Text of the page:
Since signing Scioscia to that extension, the Angels have added Albert Pujols and Josh Hamilton, yet somehow have become demonstrably worse. Scioscia is now firmly on the hot seat, and has likely kept his job only through the goodwill generated by multiple appearances on The Simpsons.

Somewhere, a Texas booster is putting together a package of five-star recruits to offer Alabama.
7. NBA: Doc Rivers, $7,000,000

Saban's contract brings college football into full coaching salary parity with the Association. Rivers became the NBA's highest paid coach while with Boston, then transferred his contract to the Clippers in a trade. Somewhere, a Texas booster is putting together a package of five-star recruits to offer Alabama.

8. NFL: Sean Payton, $8,000,000

As far as American coaching salaries go, the NFL still reigns supreme. The Saints' Sean Payton is the highest-paid coach in the league, hauling in $1 million more than Saban is set to make. New England's Bill Belichick and Kansas City's Andy Reid each earn $7.5 million per season. Former USC head coach Pete Carroll is now tied with Saban at $7 million per season, as is Jeff Fisher and, hilariously, Mike Shanahan. The NFL's salary numbers are even more impressive when you consider that these teams actually have to pay their players.

9. EPL: Jose Mourinho, about $19,000,000

Screen_shot_2013-12-14_at_12
Clive Brunskill, Getty

The world's highest-paid football coach remains "The Special One." Mourinho, who was earning approximately $20 million at Real Madrid, returned to Chelsea this season for approximately the same amount. If there is one sport where millionaire supporters are willing to lose millions of dollars to win more than college football, it's European soccer.

Saban answers to Alabama boosters. Mourinho works for a Russian oil oligarch. That extra $12 million is hazard pay.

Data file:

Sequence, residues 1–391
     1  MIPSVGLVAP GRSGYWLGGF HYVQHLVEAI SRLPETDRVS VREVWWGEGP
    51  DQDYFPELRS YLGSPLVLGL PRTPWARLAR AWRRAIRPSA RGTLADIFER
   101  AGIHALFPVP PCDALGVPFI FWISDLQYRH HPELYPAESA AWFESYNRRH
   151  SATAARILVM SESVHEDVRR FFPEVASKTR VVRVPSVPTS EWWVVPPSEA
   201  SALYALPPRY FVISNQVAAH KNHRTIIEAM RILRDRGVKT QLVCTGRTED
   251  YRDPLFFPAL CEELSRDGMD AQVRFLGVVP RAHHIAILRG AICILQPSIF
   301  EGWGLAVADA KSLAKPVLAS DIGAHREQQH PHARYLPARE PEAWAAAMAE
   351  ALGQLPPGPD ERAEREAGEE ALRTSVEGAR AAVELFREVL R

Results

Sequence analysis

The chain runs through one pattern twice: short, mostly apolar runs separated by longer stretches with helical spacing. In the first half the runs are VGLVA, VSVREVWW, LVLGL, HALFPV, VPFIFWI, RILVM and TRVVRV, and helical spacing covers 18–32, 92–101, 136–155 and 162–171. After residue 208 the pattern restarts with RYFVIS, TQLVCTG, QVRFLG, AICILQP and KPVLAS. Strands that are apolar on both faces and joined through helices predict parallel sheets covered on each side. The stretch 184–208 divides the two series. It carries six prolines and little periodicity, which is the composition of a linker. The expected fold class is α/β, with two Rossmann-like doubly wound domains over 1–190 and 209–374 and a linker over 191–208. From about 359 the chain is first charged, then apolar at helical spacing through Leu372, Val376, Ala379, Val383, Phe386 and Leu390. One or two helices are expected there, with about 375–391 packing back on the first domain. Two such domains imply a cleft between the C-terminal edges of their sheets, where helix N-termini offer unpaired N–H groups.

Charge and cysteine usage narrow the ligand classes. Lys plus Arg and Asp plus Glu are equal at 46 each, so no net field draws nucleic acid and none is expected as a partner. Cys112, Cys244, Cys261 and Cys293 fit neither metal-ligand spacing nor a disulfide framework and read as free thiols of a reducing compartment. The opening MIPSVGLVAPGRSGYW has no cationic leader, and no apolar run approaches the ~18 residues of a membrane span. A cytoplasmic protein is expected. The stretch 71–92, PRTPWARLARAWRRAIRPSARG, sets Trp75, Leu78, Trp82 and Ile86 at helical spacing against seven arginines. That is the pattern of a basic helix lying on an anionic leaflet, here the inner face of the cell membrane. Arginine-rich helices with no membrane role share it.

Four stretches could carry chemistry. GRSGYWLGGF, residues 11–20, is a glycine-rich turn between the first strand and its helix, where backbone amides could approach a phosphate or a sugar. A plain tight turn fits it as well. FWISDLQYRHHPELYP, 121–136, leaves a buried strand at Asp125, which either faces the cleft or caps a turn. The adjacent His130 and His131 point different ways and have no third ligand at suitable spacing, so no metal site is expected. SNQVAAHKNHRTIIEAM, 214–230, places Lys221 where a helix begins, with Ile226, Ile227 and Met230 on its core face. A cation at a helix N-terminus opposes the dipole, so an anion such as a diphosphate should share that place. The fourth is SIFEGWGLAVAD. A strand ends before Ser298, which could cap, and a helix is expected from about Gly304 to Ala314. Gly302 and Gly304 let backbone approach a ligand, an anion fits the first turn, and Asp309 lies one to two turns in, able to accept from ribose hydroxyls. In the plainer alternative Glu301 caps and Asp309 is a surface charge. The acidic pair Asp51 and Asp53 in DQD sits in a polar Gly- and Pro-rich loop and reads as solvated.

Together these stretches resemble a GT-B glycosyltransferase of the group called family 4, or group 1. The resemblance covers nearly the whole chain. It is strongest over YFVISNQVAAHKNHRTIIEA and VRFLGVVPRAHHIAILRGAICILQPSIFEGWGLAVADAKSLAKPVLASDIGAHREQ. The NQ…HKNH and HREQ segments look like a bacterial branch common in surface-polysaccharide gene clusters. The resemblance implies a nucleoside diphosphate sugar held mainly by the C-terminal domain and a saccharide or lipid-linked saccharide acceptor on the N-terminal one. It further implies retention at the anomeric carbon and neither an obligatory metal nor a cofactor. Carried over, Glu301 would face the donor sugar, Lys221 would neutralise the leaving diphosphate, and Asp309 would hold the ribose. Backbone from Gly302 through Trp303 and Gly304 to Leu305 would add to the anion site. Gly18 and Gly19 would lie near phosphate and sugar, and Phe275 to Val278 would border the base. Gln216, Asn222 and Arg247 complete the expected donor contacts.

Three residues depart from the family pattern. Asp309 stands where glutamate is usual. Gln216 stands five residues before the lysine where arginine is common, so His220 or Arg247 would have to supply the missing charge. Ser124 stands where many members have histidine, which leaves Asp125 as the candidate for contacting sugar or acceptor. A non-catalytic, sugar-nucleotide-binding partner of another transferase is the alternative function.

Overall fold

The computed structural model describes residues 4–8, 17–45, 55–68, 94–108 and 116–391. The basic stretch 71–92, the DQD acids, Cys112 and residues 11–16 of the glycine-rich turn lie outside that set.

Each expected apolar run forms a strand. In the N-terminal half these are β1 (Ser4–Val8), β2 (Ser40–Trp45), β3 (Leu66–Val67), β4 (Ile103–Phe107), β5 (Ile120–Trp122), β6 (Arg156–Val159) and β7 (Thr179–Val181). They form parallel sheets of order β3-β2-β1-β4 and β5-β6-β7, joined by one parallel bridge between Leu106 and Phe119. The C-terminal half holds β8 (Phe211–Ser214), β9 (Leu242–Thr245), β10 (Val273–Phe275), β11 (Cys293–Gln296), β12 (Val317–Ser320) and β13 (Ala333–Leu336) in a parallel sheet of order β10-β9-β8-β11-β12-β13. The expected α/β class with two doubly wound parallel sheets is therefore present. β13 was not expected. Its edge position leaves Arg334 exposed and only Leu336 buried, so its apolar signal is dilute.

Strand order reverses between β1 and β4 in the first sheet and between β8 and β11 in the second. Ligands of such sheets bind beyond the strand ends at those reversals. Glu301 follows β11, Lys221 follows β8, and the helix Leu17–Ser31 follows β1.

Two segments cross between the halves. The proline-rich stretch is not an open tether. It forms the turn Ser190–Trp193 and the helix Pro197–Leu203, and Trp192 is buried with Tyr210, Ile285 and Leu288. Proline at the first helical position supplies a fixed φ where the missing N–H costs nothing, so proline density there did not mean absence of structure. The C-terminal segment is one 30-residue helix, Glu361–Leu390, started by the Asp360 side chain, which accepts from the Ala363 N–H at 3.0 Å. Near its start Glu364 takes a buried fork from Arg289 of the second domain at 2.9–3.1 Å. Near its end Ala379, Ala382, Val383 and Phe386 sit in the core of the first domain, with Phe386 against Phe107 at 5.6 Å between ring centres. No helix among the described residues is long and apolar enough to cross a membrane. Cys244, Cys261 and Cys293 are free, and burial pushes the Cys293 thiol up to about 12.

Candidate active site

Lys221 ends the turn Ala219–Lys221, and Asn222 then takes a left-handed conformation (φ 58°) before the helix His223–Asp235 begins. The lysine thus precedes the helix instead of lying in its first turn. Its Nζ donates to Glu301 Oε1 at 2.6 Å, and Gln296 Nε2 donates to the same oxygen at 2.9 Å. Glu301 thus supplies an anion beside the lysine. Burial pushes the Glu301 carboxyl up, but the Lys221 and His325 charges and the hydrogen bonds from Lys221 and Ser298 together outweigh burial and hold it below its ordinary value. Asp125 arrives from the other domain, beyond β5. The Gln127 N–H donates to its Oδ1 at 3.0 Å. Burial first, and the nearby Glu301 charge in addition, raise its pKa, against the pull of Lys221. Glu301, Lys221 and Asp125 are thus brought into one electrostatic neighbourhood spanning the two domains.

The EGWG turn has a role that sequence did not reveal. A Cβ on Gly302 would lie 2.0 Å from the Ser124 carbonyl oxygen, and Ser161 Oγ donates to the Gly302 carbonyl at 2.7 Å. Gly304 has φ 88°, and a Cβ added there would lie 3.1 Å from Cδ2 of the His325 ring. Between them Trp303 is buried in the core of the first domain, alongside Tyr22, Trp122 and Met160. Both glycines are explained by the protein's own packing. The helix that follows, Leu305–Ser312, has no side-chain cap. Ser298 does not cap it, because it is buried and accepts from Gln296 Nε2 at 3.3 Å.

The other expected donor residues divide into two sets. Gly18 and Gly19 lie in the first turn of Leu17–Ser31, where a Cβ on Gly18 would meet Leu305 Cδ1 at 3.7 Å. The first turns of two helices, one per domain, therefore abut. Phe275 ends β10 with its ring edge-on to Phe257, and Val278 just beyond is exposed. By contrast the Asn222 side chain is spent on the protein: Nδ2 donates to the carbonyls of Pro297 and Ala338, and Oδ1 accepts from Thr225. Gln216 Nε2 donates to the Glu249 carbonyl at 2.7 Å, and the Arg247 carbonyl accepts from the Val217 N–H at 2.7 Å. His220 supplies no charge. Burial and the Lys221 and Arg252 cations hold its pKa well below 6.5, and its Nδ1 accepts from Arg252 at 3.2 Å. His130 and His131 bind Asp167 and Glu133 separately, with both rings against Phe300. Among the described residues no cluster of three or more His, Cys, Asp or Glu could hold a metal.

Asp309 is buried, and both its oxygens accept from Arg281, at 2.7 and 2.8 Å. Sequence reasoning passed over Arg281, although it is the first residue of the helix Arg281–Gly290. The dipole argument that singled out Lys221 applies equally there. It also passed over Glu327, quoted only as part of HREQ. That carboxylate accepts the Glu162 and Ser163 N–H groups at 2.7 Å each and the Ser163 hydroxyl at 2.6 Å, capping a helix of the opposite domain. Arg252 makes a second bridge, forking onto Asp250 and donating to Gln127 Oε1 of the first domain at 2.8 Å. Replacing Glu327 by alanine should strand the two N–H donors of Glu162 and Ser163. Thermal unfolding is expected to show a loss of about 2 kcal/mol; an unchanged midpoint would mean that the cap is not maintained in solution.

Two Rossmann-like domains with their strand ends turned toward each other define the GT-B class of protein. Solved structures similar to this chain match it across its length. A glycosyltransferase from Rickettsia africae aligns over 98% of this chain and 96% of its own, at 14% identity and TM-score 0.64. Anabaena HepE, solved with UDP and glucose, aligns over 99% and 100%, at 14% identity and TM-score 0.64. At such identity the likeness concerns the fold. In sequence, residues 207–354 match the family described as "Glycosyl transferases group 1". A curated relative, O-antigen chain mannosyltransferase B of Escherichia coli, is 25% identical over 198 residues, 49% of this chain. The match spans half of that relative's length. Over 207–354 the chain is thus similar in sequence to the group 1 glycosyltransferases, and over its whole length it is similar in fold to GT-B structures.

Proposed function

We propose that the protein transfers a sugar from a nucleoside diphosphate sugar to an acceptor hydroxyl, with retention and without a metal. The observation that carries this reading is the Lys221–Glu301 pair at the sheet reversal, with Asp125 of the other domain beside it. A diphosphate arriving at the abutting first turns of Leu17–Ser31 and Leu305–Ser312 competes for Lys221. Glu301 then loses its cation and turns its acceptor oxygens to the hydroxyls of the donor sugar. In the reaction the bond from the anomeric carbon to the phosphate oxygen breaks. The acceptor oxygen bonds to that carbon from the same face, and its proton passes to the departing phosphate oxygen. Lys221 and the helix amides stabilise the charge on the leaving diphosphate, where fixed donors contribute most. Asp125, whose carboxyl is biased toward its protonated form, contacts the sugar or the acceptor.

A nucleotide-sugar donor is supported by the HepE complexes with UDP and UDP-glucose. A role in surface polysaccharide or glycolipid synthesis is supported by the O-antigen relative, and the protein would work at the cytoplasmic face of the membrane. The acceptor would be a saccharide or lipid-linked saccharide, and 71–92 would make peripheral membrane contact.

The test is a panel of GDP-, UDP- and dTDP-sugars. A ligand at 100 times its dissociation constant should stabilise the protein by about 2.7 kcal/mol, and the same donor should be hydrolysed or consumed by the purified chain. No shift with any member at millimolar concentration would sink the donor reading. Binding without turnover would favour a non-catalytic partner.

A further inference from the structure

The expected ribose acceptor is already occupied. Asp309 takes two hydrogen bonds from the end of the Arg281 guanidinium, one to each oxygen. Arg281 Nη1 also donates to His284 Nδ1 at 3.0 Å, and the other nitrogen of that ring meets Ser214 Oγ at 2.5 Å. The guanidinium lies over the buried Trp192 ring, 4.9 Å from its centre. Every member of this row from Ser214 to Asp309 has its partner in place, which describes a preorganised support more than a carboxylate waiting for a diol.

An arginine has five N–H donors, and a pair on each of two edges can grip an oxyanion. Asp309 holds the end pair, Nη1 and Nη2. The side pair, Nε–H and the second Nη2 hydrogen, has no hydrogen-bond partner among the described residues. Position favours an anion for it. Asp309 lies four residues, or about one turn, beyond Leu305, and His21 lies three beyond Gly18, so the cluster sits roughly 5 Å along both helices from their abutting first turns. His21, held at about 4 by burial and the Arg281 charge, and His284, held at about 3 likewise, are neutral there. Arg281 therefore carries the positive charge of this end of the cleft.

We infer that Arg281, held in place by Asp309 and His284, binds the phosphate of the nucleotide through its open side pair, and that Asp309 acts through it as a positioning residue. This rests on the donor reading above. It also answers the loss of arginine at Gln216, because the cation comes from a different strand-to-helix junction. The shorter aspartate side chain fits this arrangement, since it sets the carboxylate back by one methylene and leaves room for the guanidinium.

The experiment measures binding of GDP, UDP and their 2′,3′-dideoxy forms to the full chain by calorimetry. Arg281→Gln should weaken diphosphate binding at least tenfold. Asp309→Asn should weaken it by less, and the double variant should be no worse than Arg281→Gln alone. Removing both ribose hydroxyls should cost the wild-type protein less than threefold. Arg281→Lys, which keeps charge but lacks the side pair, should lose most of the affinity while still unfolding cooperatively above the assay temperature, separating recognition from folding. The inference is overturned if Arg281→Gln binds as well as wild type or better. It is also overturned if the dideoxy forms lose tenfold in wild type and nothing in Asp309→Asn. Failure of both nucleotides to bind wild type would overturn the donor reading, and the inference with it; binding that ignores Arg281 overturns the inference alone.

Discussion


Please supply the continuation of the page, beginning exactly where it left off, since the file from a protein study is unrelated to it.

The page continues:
The world

10. Island nation of Niue: $10,000,000

Niue_coastline_medium

Wikipedia Commons

The semi-autonomous island nation located in the South Pacific generates an estimated $10 million in gross domestic product every year, so Saban has some work to do if he wants to pass the output of an entire country.

If Saban wanted to take a vacation to Niue, he could almost build his own bridge. While details of Saban's contract have not yet been revealed, if he were to receive 10 years, he could cash the contract out in one dollar bills, lay those bills end to end, and span the 6,503 miles from Bryant-Denny Stadium to the island. Saban would even have about $2.9 million left over to spend when he got there, an amazing influx of funds for the small economy of Niue. King Saban has a terrifying ring to it, no?

Of course, this is an absurdity. Like Nick Saban would take a vacation. Please.

11. Willis (Sears) Tower: 1,451 feet

No, Nick Saban can't buy the Willis Tower, formerly the world's tallest building. The tower was last sold for $840 million in cash and assumed liabilities, far more than Saban can hope to make as a football coach.

But Saban could build something bigger.

If Saban took his $7 million annual salary in one dollar bills and stacked them on a Tuscaloosa street corner, the final column would stand 2,508 feet tall. That would be the tallest structure in North America, more than 800 feet taller than One World Trade Center in New York City, 450 feet taller than the KVLY-TV mast in Blanchard, N.D., the world's tallest mast, and just 214 shorter than Burj Khalifa, the world's tallest building. Even if Saban took the money out in $20 bills, he could build a stack as tall as the AmSouth Building, Tuscaloosa's tallest building.

12. Nick Saban statue: 2,000 pounds

Kevin C. Cox, Getty

The statues of Wallace Wade, Bear Bryant, Frank Thomas, Gene Stallings, and Nick Saban north of Bryant-Denny Stadium each weigh 2,000 pounds. Not only could Saban buy and sell those statues many times over with his $7 million salary, but he could simply outweigh them. Seven million one dollar bills weigh more than 15,000 pounds, more than all five statues combined.